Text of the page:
Similar operations of twisting or wrapping varying lengths of the device loosely around the head, the wrist, the leg, or the neck will result in alternative embodiments of the invention as a headband (as in FIG. 5), a bracelet (as in FIG. 6), an anklet, or a necklace, respectively. Articles of this invention used as headbands are comfortable for the user because the device is adjusted to the wearer's individual head size and shape. For this reason, the device worn as a headband need not be worn uncomfortably tight to stay in place and perform its practical and decorative functions. Also, in general, two identical devices or devices of differing color, pattern, texture and/or length may even be combined by twisting them together (as in FIG. 7) prior to use in one's hair. Or, two devices may be hooked together at their ends to achieve the functional and aesthetic features of a longer device. Styling methods are limited only by a user's imagination.
Accordingly the reader will see, from the Detailed Description and Operation above, a number of advantages of my personal grooming device become evident:
a) The device, comprised of lightweight materials, adjustable to various hair textures and thicknesses and which does not put any undue strain on the user's scalp, is comfortable to wear. The device is also quick and easy to use and does not tear out or damage hair when it is removed.
b) As described in the foregoing Operation, the manner in which the device may be used to fasten an amount of hair applies to a variety of hair textures and weights, proving the device highly adjustable.
c) The preferred embodiments of the present invention utilize an aluminum alloy wire in combination with narrow fabric tubing or cord, materials which result in a lightweight and aesthetically pleasing device for fastening and decorating hair when combined in the manner described in the foregoing Detailed Description.
d) An infinite variety of fabric prints, textures and colors may be used to create the fabric tubing with which the device is made. And the device may be embellished with a large variety of decorative features such as beads, silk flowers, buttons, ribbons, appliques, yarns, trims, embroidery and more. Furthermore, articles of this invention may be produced of fabrics to exactly match specific articles of apparel.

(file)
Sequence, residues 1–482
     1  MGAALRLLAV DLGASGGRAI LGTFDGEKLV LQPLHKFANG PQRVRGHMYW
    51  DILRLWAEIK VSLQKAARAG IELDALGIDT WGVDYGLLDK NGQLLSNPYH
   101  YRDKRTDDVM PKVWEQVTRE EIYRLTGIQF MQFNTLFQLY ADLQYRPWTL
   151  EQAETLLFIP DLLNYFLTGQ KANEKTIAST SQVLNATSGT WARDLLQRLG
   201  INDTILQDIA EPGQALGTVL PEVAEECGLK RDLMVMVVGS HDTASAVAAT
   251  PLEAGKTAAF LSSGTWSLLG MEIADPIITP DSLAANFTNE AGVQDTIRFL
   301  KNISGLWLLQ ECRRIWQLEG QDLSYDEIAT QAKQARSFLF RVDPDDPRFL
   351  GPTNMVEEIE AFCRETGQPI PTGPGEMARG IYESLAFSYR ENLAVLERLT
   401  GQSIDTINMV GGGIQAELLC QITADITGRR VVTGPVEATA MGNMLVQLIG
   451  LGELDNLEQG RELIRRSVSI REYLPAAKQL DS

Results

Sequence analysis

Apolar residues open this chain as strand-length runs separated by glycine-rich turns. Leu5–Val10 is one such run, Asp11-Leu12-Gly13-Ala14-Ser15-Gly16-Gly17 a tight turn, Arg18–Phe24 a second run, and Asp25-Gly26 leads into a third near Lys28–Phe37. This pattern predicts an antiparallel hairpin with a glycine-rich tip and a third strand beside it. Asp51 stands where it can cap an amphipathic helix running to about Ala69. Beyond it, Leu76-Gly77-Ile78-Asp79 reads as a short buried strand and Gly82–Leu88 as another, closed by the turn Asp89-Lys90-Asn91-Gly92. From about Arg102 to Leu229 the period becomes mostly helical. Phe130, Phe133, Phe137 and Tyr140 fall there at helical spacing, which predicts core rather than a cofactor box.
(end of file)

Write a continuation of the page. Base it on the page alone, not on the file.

e) Seeing as devices of this invention are made using common and inexpensive tools such as, a sewing machine, wire cutters and scissors, elaborate specialized machinery need not be created for the production of articles of this invention. Articles of this invention may even be created by the same contractor who is producing a line of clothing the devices are intended to accessorize, reducing overall cost and lead time for the manufacturer by making the devices “in house.”
It is evident that articles of this invention may be worn for a variety of occasions, depending on the fabric or cord used and the user's preferences. With the variety of fabric prints, textures and colors that the device can be made with and the endless possibilities for combining and placing the devices in the hair, the invention may clearly promote creative hair styling. And it is an additional advantage that articles of this invention may be used in a variety of ways other than to accessorize or fasten hair. Examples of such additional uses include a bracelet, an anklet and a necklace.
In the drawings and specification there have been set forth preferred embodiments of the invention, and although specific terms are employed, they are used in a generic and descriptive sense only, and not for purposes of limitation. Thus, the scope of the invention should be determined with the appended claims in which encasement made of fabric or leather will be referred to as “fabric encasement.”